Mental health nurses a strong focus in Victoria’s new mental health and wellbeing workforce strategy
Thursday 23 December 2021
The Victorian Government’s recent mental health and wellbeing workforce strategy emphasises the important role that mental health nurses (MHNs) play in the state’s mental health care system. But it falls short in a few areas according to the Australian College of Mental Health Nurses (ACMHN).
Many of the Victorian Government’s reforms underway or commencing in the coming years relate to mental health nurses, including a $76 million spend on entry pathways for MHNs, and $16.1 million for postgraduate mental health nursing scholarships.
“It’s great to see that the government clearly values the skills of MHNs as evident by their financial commitments,” ACMHN Vice-President Professor John Hurley said.
“However, we would’ve welcomed some more staffing on the acute wards to relieve some of the pressure that MHNs are facing there.”
To build more workforce supply, the strategy also recommends “ongoing professional development, career pathways, incentives and credentialling.”
“We believe that credentialing is key. The College already provides the ACMHN Credential – the only nationally consistent standard for recognition of specialist MHNs,” ACMHN CEO Stephen Jackson said.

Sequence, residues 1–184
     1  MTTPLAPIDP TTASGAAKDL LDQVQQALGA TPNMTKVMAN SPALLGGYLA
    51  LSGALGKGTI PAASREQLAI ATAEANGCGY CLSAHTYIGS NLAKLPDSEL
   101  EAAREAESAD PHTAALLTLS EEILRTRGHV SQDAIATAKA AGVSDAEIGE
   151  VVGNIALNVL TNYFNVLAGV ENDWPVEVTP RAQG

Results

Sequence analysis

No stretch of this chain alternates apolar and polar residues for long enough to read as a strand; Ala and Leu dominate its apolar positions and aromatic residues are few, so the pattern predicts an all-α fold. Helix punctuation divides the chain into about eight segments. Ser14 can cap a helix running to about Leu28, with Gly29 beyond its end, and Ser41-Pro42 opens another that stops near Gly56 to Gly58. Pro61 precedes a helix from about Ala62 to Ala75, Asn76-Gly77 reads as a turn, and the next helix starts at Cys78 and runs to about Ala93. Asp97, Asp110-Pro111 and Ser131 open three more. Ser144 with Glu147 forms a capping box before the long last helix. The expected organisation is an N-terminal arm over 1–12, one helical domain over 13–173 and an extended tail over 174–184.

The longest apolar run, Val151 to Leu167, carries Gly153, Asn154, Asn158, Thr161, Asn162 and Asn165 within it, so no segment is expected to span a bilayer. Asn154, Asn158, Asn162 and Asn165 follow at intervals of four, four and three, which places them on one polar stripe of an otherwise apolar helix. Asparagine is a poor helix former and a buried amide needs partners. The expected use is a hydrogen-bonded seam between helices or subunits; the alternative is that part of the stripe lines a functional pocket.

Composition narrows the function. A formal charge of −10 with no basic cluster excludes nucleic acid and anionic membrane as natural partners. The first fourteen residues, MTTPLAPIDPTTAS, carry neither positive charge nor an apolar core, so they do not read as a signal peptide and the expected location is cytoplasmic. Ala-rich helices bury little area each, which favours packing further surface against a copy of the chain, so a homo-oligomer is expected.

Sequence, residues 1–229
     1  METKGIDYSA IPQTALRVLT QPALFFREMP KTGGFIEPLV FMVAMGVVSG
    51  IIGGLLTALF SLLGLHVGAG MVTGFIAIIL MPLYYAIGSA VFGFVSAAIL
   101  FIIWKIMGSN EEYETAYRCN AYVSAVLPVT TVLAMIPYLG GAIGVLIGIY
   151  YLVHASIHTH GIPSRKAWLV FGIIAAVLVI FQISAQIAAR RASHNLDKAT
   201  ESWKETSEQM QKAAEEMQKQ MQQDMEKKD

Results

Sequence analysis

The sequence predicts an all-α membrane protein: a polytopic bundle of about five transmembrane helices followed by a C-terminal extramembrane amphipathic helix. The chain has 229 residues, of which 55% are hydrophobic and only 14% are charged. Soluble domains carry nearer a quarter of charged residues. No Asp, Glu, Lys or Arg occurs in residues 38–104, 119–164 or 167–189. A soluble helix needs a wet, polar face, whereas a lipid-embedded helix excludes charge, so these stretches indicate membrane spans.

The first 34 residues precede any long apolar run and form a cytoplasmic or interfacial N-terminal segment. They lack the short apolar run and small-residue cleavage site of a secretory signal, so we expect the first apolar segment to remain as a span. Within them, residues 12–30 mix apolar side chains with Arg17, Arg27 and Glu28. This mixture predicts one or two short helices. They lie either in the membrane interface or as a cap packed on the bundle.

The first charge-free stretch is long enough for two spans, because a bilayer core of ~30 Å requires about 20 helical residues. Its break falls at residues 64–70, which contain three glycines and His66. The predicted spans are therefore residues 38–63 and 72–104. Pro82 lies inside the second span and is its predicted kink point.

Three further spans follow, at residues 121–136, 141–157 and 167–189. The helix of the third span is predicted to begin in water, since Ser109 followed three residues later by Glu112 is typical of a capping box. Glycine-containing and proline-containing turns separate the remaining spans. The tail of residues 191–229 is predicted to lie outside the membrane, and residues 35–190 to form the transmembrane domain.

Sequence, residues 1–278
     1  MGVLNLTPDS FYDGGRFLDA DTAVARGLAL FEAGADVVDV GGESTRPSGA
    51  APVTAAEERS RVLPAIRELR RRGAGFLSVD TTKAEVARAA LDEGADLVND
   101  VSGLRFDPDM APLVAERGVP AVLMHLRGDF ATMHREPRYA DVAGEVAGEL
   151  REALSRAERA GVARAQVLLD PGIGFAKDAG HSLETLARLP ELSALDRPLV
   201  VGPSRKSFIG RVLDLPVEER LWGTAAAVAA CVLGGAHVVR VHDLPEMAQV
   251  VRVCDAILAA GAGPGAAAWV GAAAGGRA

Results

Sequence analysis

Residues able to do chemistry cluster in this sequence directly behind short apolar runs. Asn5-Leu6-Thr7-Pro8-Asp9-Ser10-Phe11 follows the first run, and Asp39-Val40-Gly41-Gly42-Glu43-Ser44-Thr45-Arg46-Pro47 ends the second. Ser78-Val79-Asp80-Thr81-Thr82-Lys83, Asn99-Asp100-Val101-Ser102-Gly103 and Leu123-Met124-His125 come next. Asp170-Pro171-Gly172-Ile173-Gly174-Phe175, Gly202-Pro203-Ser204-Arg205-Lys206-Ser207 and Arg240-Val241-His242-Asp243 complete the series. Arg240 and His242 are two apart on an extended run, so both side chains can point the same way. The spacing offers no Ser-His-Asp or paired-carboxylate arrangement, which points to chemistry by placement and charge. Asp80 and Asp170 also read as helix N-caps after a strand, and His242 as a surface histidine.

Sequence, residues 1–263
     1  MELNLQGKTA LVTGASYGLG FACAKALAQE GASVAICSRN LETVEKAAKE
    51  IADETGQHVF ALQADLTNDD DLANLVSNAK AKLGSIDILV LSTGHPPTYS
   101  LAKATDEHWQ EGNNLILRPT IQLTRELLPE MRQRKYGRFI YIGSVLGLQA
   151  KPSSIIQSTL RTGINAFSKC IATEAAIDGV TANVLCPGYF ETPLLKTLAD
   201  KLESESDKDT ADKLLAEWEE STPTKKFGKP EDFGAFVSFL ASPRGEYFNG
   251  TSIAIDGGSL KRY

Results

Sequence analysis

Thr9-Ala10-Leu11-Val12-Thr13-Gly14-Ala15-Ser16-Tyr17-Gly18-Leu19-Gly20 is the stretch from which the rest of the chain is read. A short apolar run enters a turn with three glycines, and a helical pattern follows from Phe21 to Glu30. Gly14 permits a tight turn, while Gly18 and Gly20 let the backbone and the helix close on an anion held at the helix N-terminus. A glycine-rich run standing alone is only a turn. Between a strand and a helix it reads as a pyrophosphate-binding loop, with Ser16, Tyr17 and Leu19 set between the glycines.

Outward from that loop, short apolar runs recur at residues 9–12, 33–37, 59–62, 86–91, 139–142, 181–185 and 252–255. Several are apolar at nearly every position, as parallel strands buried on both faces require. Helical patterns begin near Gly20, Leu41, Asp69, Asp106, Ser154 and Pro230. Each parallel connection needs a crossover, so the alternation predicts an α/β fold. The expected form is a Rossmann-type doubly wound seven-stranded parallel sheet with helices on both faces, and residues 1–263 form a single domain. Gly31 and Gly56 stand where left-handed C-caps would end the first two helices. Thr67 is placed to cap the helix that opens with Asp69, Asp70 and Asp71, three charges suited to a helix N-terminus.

“Credentialed Mental Health Nurses do their work to the highest standard, and consistently continue to train and develop professionally. There’s a growing number of employers who require the Credential, and we encourage the Victorian Government to use the Credential consistently to ensure they hire qualified MHNs.”
The ACMHN was also pleased to see a focus on strengthening discipline foundations to “articulate each discipline’s professional and ethical values, practice principles and scope of practice”.
“We’d be pleased to work with the government on expanding and building upon our current MHN scope of practice,” Professor Hurley said.
“Overall, we believe that this strategy could be a starting point for the federal level as well. MHNs deserve a consistent level of support and recognition all across Australia.”
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